Two little girls I know, age 6, showed up the other day at a public pool in Washington for a swim. They were excited by the prospect of escaping, if only for a little while, the heat pushing the thermometer close to 100.
Alas, they were wearing the only bathing suits they had: bikini bottoms, no tops. No go, they were told by the pool manager. There was a dress code, and no one was allowed to dress "inappropriately in a way that may offend others." Did I say these were 6-year-olds?
"Don't worry," their grandfather said. "They're boys."
The enforcer at the gate was not amused. Rule-enforcers, as a rule, rarely are.
The enforcer told the disappointed little girls they could wear their dresses in the pool, or she would find inflatable tops that children who can't swim wear so they're covered up "up there." The little girls knew how to swim, and they didn't want to ruin their dresses. They left in tears.
I've heard similar stories about rigid dress codes for small children at pools, and I've been surprised that many adults are so terrified of perverts and molesters that they applaud such harsh rules. I understand the fear, but have we gone nuts?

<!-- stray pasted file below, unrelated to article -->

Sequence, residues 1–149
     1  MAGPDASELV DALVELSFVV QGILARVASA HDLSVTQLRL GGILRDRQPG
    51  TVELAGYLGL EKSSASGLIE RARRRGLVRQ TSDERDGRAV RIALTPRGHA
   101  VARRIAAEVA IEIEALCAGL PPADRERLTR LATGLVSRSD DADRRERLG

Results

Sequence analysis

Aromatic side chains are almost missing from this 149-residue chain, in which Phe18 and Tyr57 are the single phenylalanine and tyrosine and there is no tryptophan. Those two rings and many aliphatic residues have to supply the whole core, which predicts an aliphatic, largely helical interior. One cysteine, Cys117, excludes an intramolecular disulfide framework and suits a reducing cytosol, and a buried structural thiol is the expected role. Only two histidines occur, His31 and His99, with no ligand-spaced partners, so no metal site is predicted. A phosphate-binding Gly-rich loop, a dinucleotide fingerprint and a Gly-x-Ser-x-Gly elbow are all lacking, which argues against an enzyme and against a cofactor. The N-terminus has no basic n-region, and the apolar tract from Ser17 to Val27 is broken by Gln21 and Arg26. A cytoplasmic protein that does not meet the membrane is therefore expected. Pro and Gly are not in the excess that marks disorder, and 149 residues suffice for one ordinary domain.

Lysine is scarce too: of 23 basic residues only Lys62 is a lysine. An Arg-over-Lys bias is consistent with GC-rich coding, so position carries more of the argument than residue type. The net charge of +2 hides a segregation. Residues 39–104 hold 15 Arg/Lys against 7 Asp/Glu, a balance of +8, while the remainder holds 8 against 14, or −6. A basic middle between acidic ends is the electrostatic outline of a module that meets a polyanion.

Our "liberated" culture, drenched in anything-goes sex (or "gender," for those who regard the very word as something as scary as a topless 6-year-old) now demands that we cast a dark shadow over genuine innocence in the name of protecting children. We must send innocence underground, robbing children of their incorruption.
I thought about all this the other night watching an episode of "Mad Men," the television drama enthralling millions, set in the long ago, the early 1960s. The ad men and their clients argue about how to sell Jantzen bathing suits. The ad men prescribe a "sexy" campaign for a "two piece" -- not a bikini. The Jentzen folk want to maintain modesty; the ad men want to sell bathing suits.
We've changed a lot in six decades, and not always for the better. At its best, television drama holds up a mirror to a reality we can measure ourselves against, for better or worse. The appeal of "Mad Men" is its drama-in-costume, entertaining us with retro-fashion trends. But it's also a reminder of how sexual mores operated in a more repressed time, before we made everything illicit explicit.